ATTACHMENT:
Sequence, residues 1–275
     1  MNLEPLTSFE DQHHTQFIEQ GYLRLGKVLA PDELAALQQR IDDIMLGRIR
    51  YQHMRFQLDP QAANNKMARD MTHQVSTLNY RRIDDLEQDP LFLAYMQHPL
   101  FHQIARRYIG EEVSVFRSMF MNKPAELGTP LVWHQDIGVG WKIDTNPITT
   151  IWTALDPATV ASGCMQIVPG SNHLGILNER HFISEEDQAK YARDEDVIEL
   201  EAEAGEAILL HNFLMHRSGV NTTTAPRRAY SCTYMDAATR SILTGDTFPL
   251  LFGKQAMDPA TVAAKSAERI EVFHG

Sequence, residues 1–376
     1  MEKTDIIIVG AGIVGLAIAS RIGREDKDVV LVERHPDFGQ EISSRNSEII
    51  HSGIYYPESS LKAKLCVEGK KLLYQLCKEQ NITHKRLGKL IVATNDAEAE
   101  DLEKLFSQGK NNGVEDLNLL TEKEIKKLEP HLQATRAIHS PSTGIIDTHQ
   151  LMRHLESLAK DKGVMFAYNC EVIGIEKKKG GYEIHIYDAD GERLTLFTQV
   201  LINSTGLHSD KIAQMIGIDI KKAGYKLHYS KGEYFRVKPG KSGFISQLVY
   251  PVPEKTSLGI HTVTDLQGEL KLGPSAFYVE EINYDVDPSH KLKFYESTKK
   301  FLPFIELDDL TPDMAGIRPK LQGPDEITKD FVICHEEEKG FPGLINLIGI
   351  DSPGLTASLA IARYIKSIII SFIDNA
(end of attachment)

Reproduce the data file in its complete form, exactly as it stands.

Sequence, residues 1–275
     1  MNLEPLTSFE DQHHTQFIEQ GYLRLGKVLA PDELAALQQR IDDIMLGRIR
    51  YQHMRFQLDP QAANNKMARD MTHQVSTLNY RRIDDLEQDP LFLAYMQHPL
   101  FHQIARRYIG EEVSVFRSMF MNKPAELGTP LVWHQDIGVG WKIDTNPITT
   151  IWTALDPATV ASGCMQIVPG SNHLGILNER HFISEEDQAK YARDEDVIEL
   201  EAEAGEAILL HNFLMHRSGV NTTTAPRRAY SCTYMDAATR SILTGDTFPL
   251  LFGKQAMDPA TVAAKSAERI EVFHG

Sequence, residues 1–376
     1  MEKTDIIIVG AGIVGLAIAS RIGREDKDVV LVERHPDFGQ EISSRNSEII
    51  HSGIYYPESS LKAKLCVEGK KLLYQLCKEQ NITHKRLGKL IVATNDAEAE
   101  DLEKLFSQGK NNGVEDLNLL TEKEIKKLEP HLQATRAIHS PSTGIIDTHQ
   151  LMRHLESLAK DKGVMFAYNC EVIGIEKKKG GYEIHIYDAD GERLTLFTQV
   201  LINSTGLHSD KIAQMIGIDI KKAGYKLHYS KGEYFRVKPG KSGFISQLVY
   251  PVPEKTSLGI HTVTDLQGEL KLGPSAFYVE EINYDVDPSH KLKFYESTKK
   301  FLPFIELDDL TPDMAGIRPK LQGPDEITKD FVICHEEEKG FPGLINLIGI
   351  DSPGLTASLA IARYIKSIII SFIDNA